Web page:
The perk of a two-term president, Obama will get to appoint another three, potentially four officials to the Fed’s influential seven-member board of governors in Washington. This may buy the president some political wiggle room when it comes to his pick for Fed chair, since he might be able to placate Republicans with one or two “concession” appointments. Every Fed governor gets a permanent voting seat on the policy-setting Federal Open Market Committee.

Elizabeth Duke, the last George W. Bush appointee, is already on her way out. So is Sarah Bloom Raskin, who after a relatively short stint at the board is moving to the Treasury, to be Jack Lew’s Deputy Secretary. Then there’s the awkward suspicion that, if Obama passes up Fed Vice Chair Janet Yellen, by far the favorite for the top spot, she will also step down after a long career in the Federal Reserve system, including many years as head of the San Francisco Fed.

U.S. job openings rise, but nobody’s hiring?

It’s a good news, bad news story: The U.S. Bureau of Labor Statistics’ Job Openings and Labor Turnover (JOLTS) survey in June showed an increase in job openings, but a decline in new hires. The ratio of unemployed Americans to each open job fell in June to its lowest level in over four years.

The number of job separations (government code for layoffs) also fell, mainly due to fewer layoffs. The June numbers suggest some retracing of the gains of the previous month or two, but does not erase them, says Stone & McCarthy Research Associates economic analyst Terry Sheehan.

Job openings rose by 29,000 in June, but the number of new hires fell by 289,000. Simultaneously, the number of job separations also fell 300,000, mainly on declines in layoffs which fell 215,000.

Uncertain about the effects of uncertainty on jobs

Job number one at the Federal Reserve these days is to bring down high U.S. unemployment without sparking inflation. Job number two, it sometimes seems, is explaining just how unemployment got so high in the first place.

Two recent papers published by the San Francisco Fed offer what look like opposite takes on the topic.

“(S)tates in which businesses cited poor sales also registered disproportionately sharp drops in jobs and household spending,” wrote Princeton University professor Atif Mian and University of Chicago Booth School of Business professor Amir Sufi in a February Economic Letter.

Fear the Septaper

Credit to Barclays economists for coining the term ‘Septaper’

A solid U.S. employment report for June appears to have cemented market expectations that the Fed will begin to reduce the pace of its bond-buying stimulus in September.  Average employment growth for the last six months is now officially above 200,000 per month.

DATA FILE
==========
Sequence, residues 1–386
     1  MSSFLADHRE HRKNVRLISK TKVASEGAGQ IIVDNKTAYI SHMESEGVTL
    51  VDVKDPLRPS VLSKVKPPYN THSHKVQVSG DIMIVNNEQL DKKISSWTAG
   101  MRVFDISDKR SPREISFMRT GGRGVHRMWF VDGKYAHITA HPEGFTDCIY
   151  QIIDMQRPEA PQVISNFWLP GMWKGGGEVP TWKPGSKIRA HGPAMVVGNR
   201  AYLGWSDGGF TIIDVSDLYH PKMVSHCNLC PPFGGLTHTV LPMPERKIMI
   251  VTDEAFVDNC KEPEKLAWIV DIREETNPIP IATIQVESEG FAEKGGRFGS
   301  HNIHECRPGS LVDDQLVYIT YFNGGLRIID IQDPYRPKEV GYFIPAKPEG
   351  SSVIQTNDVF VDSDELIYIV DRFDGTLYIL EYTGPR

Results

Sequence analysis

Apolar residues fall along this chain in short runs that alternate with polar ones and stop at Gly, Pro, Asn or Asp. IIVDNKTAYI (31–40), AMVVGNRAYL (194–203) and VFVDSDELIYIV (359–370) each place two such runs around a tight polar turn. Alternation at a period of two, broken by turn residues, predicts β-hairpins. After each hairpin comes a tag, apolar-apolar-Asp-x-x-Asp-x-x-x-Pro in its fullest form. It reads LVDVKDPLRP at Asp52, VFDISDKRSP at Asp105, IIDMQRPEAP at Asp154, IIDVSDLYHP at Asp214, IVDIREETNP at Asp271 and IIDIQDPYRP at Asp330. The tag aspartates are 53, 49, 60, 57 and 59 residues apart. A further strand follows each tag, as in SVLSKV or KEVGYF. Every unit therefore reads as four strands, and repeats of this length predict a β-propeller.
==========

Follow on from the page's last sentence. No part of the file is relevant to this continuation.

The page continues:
Never mind that, even at this rate, it would take another 11 months for the job market to reach its pre-recession levels – and that’s not counting the population growth since then.

John Brady, managing director at R.J. O’Brian & Associates in Chicago, nails the market’s sentiment:

U.S. minimum wage hike would offer short-term economic stimulus: Chicago Fed

President Barack Obama proposed a hike in the U.S. minimum wage during his State of the Union Address in February. Since then, we haven’t really heard very much about the proposal. That’s too bad for a U.S. economy that could still use a bit of a boost, according to new research.

A paper from the Chicago Fed finds that, while there might be little impact on long-term growth prospects from a higher minimum wage, the measure could add as much as 0.3 percentage point to gross domestic product in the short-run. That’s not insignificant for an economy that expanded at a soft annualized rate of just 1.1 percent over the last two quarters.

This is how the authors summarize their findings:

A federal minimum wage hike would boost the real income and spending of minimum wage households. The impact could be sufficient to offset increasing  consumer prices and declining real spending by most non-minimum-wage households and, therefore, lead to an increase in aggregate household spending. The authors calculate that a $1.75 hike in the hourly federal minimum wage could increase the level of real gross domestic product (GDP) by up to 0.3 percentage points in the near term, but with virtually no effect in the long term.

Broken (record) jobless data: Euro zone unemployment stuck at all-time high

Surprise! Euro zone unemployment was stuck at record high of 12.2 percent in May, with the number of jobless quickly climbing towards 20 million. Still, as accustomed to grim job market headlines from Europe as the world has become, it is worth perusing through the Eurostat release for some of the nuances in the figures.

For one thing, as Matthew Phillips notes, Spain’s unemployment crisis is now officially more dire than Greece’s – and that’s saying something.

Also, the figures remind us just how disparate conditions are across different parts of the currency union. While Spanish and Greek unemployment is hovering just below 27 percent, the jobless rate in Austria, the region’s lowest, is 4.7 percent.